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What Is Advent? Hope, Waiting, Joy, And Love


 What Is Advent? Hope, Waiting, Joy, And Love

Advent celebrates the 4 weeks of waiting before Christmas Day. The Bible shows us we were waiting long before that first Christmas came.


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What Is Advent? Hope, Waiting, Joy, and Love:


Watch therefore, for ye know neither the day nor the hour wherein the Son of man cometh. – Jesus in Matthew 25:13


I discovered Advent in 1977 at St. John’s Protestant Episcopal Church in Elizabeth, New Jersey. Brought up in Emmanuel Pentecostal Church, I had given my heart to Jesus as a boy and loved and honored Him all my life, but in a Pentecostal Way.


We celebrated Christmas with pageants and programs, Christmas caroling, and decorated the Church’s huge Christmas tree with unique bulbs with our names on them. We rejoiced and loved to sing the many hymns honoring the Lord Jesus’ birth.


Advent 1977


What I experienced at St. John’s was all new and wonderful. It was exciting, even thrilling, but not in a Pentecostal way. I still remember waiting in silence as the pipe organ played. Then the vestry door opened, and the beautifully robed choir came in singing:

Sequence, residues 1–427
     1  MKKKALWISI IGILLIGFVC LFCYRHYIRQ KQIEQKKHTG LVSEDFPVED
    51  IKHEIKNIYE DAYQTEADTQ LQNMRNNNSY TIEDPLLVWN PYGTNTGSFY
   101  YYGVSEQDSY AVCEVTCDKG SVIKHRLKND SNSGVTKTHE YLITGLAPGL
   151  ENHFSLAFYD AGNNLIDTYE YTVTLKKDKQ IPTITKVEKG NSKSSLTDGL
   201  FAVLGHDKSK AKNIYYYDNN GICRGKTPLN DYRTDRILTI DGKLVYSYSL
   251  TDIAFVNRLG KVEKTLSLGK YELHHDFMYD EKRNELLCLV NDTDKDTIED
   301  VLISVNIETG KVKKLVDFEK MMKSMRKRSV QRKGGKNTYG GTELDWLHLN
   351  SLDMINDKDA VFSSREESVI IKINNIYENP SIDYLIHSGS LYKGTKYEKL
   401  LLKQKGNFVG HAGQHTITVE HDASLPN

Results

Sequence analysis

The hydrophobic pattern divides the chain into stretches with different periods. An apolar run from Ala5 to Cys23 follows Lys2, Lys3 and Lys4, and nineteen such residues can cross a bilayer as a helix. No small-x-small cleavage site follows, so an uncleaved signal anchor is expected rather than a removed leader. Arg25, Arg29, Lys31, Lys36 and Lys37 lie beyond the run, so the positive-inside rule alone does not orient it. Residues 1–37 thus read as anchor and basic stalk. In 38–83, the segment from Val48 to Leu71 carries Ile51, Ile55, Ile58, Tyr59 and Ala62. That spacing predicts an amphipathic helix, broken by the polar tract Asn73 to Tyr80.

O come, O come, Emmanuel
And ransom captive Israel
That mourns in lonely exile here
Until the Son of God appear
Rejoice! Rejoice! Emmanuel
Shall come to thee, O Israel.

This was a different kind of rejoicing for me, a solemn one that sang:


O come, Thou Day-Spring, come and cheer
Our spirits by Thine advent here
Disperse the gloomy clouds of night
And death’s dark shadows put to flight.
Rejoice! Rejoice! Emmanuel
Shall come to thee, O Israel.

We all sang along, carried into the beauty and mystery of the worship:


Our rector, the Reverend Mr. David Rhinelander King then led us in this prayer:


ALMIGHTY God, give us grace that we may cast away the works of darkness, and put upon us the armour of light, now in the time of this mortal life, in which thy Son Jesus Christ came to visit us in great humility; that in the last day, when he shall come again in his glorious majesty to judge both the quick and the dead, we may rise to the life immortal, through him who liveth and reigneth with thee and the Holy Ghost, now and ever. Amen.

This call to repentance, putting on the armor of light, and living a holy life, was a blessing of Advent that I had never known! What a blessing to me then and ever since!


He then went on to lead the lighting of the candles and explained their meaning and history.



Advent and the Bible


The 4 Advent candles stand for Hope, Waiting, Joy, and Love. They are gathered around a 5th candle, the Christ candle. This reminds us Jesus is central and supreme in all. We light one candle for each week in the Advent season.